Monday, October 20, 2008

Social Networking - Use it or lose it

I have to admit, I am one of the many that can not go a day without checking my Facebook.  Right after I check my e-mail, my cursor goes up and types  It is a dirty habit that I can not stop.  I will say "I am a Facebook abuser!"  

Now that I got that off my chest, social networks are popping up all over the place.  Not only Facebook and MySpace, but more specific social networking sites such as PeopleAggregator or Ning in which you can build a community with others with the same interest.  These can be great tools for the PR practitioner to use.

Everyone knows about Facebook and MySpace, but the article received in class by eMarketer explains that one cite, Ning, has nearly 500,000 social networks with 80,000 new ones popping up each month.  This could be a great tool for PR practitioners to use to go directly to their public because your customers are already filtered for you.

Even though great networking cites are now abundant PR practitioners must use them to their advantage.  One thing they must do is build relationship with their public by directly communicating to them.  They must respond, respond and respond.  If someone tries to communicate directly to your organization through a social media you need to respond to their question to make sure you build that community with them.  Yes, this will take time, but in the long run building a relationship with your customer through a social media is too beneficial to pass up.

Monday, October 13, 2008

RSS - Important?

In class this past week we learned more about RSS (Really Simple Syndication) and why it is important to PR practitioners.  RSS is basically a tool for people to get news or information sent to them.  Someone can set up a webpage through Google and click on the type of news they want to read more about.  Simply by clicking on a RSS tab the news of that company or organization gets sent directly to their website.  

This is very important to PR practitioners because they can get their information straight to their public and not worry about going through the media.  When PR practitioners send press releases to the media they hope to get their information out to their public through a story the media writes about them.  However, if the media does not think their story is worth writing about or sharing, they can simply set it aside and write about something else.  Through RSS the media does not have a say on whether your information gets sent to your customers because it gets sent directly to them.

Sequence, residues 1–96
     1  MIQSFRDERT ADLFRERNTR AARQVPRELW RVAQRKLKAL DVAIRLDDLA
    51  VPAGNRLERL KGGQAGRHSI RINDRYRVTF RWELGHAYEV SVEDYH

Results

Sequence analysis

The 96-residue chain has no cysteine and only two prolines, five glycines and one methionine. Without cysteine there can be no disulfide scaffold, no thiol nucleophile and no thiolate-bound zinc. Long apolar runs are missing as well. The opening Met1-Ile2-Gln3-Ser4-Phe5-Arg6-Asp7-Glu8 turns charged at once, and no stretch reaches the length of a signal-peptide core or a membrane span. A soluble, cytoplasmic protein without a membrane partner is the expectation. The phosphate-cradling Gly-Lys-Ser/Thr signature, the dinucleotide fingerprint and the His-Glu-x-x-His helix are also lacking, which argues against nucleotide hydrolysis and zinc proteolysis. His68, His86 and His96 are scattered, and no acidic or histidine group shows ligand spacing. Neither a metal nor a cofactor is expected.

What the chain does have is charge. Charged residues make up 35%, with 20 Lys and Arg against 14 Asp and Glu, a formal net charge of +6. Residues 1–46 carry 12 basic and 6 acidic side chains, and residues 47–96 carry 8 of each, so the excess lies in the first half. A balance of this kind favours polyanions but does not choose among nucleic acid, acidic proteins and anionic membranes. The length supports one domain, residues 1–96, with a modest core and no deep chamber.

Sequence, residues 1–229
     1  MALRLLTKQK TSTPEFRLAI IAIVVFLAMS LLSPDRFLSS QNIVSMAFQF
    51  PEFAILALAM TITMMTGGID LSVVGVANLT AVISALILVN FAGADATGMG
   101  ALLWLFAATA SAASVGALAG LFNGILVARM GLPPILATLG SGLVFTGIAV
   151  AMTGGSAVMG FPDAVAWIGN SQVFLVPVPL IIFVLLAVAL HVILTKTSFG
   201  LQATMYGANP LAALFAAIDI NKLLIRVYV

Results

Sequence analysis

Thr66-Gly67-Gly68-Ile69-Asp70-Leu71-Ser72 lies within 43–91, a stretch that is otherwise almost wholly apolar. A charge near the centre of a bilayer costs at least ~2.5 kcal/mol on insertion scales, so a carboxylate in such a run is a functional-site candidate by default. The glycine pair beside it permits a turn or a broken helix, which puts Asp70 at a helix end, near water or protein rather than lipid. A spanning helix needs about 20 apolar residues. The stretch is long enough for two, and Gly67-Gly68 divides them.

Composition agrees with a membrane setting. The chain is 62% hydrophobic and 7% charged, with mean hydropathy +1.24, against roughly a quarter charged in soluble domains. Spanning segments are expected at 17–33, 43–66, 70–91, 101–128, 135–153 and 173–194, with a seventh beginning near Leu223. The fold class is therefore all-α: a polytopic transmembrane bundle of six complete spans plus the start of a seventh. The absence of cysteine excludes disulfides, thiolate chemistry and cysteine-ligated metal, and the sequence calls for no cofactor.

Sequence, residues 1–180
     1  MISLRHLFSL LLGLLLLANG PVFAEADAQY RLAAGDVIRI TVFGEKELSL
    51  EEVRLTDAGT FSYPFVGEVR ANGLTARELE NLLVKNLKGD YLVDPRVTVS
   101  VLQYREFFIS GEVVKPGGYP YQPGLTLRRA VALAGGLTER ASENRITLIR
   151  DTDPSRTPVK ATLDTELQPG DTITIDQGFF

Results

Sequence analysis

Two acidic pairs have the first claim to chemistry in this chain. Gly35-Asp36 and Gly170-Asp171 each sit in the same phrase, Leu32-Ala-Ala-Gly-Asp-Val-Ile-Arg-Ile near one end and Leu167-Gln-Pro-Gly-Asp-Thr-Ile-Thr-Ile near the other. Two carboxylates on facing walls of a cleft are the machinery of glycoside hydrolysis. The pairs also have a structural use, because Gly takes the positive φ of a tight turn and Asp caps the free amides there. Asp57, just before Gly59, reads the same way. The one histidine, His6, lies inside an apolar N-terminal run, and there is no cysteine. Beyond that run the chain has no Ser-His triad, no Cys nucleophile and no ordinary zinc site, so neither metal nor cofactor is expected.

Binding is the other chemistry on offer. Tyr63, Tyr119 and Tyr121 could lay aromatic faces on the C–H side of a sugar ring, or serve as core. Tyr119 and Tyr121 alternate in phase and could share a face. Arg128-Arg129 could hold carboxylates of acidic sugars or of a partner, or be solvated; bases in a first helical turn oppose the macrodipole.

This is a great tool for PR practitioners because of its simplicity.  If the customers wants to know more about you all they have to do is click on the RSS icon and information could get sent to them daily.  PR practitioners need to talk their company into using RSS.  It is a good way to feed your information directly into the people who want to know more about you.

Sunday, October 5, 2008

10 Reasons Your Company Shouldn't Blog

After reading B.l. Ochman's article titled, 10 Reasons Your Company Shouldn't Blog, I realized that I do not agree with her. I agree with her points, but disagree more of the title of the article. I agree that most companies blogs are boring and should not be a blog promoting your business. However, the article's titled should be 10 Things to Think About When Your Company Blogs.

I believe that if a CEO wants to blog about their company, then do it and hopefully they do it well. If the blog they create happens to be boring and does not create the following they wish then that is alright. I think it is alright because if you have 20 followers then that is 20 more people that are getting to know your company and hopefully you. Even though I think this is alright I think companies need to do different things in order to create the following they believe the blog deserves.

I believe that a blog needs to create "buzz" and having a blog that people consider boring will not create that. A CEO needs to be creative and inventive when writing a blog. Do something different. A CEO could easily write about something that has nothing to do with their company and I think that is great. Even though you are not promoting your business or product, the people that read the blog will know that you are a CEO of a company and will be more likely to research your company if they like you. By writing something completely "off topic" you will be creating more "buzz" and in turn you will actually be promoting your company.

I think Ochman's article is great. I do not think she should push people away from blogging. As the class has learned blogging can be a very important part of public relations. I think her article should invite companies to blog, but to caution them on how they blog.